Despite all the travails that come with playing low-level minor league baseball, Train Robbers’ pitcher Kale Fultz is enjoying the experience.
“It’s a lot of travel and it’s hot, but it’s a lot of fun,” Fultz said. “I’m getting a paycheck to play a game. I’m not too worried about anything else. I just want to keep playing baseball.”
Fultz has seen the benefits that come with making it big as a professional baseball player. His father Aaron Fultz was a major league relief pitcher from 2000-2007.
Kale grew up in Memphis, where he played high school baseball. After playing at East Central Community College in Decatur, Miss. and then Central Baptist College (Conway, Ark.) he was picked up by the Philadelphia Phillies as a free agent signing following the 2016 MLB Draft.
He played a full season of Rookie Ball last summer but blew his knee out the first day of Spring Training this year and was subsequently released.
“I feel (The Pecos League) is better baseball than Rookie Ball,” Kale Fultz said. “You’re playing at night and don’t have to be at the field at 6 a.m. You’re on your own doing your own thing. You get to do all the training you want to do. It’s all on you.”
For Train Robbers’ outfielder Lawrence Chavez the challenge of playing in the Pecos League is as much mental as it is physical.
“The Pecos League is a grind,” Chavez said. “You’re coming out every single day, doing what you love, grinding it out. There’s time when it’s rough but you just have to be mentally tough. No matter what happens you have to stay focused and play hard every day.”
The oldest member of the Train Robbers, 26-year old first baseman Chris Carr, calls the experience of playing for the Train Robbers, “A blessing.”
Carr, is a full time sixth-grade math teacher in Georgia during the off season.
“All the games in a short time span does take a toll on all of bodies but I don’t know one guy out here that would trade this (experience) for anything,” Carr said. “You grow up your whole life wanting to be a professional baseball player. I’m just thrilled to be here and enjoying every minute of it.”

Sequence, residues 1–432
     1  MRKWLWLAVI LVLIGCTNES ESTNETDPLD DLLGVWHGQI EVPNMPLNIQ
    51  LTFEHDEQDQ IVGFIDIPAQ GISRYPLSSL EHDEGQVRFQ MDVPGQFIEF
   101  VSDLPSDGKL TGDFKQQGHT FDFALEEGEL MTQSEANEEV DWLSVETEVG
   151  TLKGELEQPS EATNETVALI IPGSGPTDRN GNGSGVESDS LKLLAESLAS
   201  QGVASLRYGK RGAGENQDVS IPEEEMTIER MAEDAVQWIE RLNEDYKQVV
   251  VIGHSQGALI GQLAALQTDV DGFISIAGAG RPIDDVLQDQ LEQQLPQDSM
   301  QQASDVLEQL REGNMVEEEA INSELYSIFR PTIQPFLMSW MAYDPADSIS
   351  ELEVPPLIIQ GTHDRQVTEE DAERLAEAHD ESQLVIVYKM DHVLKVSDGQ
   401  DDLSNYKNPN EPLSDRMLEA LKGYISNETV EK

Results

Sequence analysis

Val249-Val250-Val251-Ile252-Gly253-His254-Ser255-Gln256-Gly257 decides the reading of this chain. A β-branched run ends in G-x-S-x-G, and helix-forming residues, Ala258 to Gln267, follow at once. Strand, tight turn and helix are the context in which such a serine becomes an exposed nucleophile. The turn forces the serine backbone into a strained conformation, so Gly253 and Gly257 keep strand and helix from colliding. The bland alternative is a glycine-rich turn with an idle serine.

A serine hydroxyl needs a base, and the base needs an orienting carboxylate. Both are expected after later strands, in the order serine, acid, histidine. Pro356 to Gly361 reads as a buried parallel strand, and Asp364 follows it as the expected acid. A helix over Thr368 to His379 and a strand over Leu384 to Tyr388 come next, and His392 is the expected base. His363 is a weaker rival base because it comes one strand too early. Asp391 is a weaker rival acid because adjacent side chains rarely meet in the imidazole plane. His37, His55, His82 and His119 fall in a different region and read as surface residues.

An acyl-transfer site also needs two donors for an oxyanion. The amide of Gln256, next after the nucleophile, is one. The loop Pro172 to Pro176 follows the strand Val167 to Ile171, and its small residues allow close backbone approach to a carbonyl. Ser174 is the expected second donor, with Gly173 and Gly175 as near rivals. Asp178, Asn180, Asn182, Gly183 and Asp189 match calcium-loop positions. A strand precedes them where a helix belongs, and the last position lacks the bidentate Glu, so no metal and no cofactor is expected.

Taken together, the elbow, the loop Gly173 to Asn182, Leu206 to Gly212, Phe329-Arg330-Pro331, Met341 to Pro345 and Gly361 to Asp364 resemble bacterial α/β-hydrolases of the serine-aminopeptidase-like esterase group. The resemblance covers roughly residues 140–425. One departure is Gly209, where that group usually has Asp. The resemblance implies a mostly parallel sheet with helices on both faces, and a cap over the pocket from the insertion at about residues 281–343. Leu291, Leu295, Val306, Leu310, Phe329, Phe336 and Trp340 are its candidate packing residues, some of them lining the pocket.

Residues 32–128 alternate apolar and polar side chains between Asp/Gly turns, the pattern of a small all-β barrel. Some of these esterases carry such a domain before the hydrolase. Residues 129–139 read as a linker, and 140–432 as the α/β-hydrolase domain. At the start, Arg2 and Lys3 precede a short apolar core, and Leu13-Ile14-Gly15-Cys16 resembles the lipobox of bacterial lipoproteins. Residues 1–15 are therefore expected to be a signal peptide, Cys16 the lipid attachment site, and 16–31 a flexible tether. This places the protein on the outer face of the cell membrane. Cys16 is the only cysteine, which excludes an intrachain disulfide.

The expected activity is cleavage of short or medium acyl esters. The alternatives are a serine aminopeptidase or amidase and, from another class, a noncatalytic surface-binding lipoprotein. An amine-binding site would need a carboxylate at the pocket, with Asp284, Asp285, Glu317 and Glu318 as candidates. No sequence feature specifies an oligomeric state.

He shares that sentiment with Train Robbers manager Bill Moore.
The seemingly always upbeat 72-year old is the person responsible for all of the day-to-day operations of the team.
Moore is also the person that put together the entire Train Robbers roster. He did it with the help of tips from the numerous baseball contacts he’s acquired over the past 45 years working as a baseball coach/manager.
Moore has managed/coached in more than 5,000 games over his career, which includes a Pecos League championship as manager of the Santa Fe Fuego in 2014.
On May 17th of that year Moore won his 1,200th game as a baseball head coach. His teams have made the playoffs in five of the six years that he’s managed in the Pecos League.
Moore has coached 28 current and former MLB players, arguably the most accomplished being former Dodgers and White Sox star first baseman Paul Konerko.
Moore sees a lot of promise in his current group of players.
“We have a lot of talent,” Moore said. “I know that I’ll be able to get a handful of these guys promoted at the end (of the season).”
Though the odds are long but there’s always the chance that someone on the Train Robbers could eventually make it to the Major Leagues.
“I think that it’s everyone’s dream in here, to get there,” Ethington said.
In the meantime, the players on the Train Robbers will have to endure the difficult life of an independent league baseball player.
For some of them, the hardships are far outweighed by the experience of getting to continue playing the game they love.
“You don’t know when the last pitch is coming so I’m just trying to enjoy every second of it,” Carr said.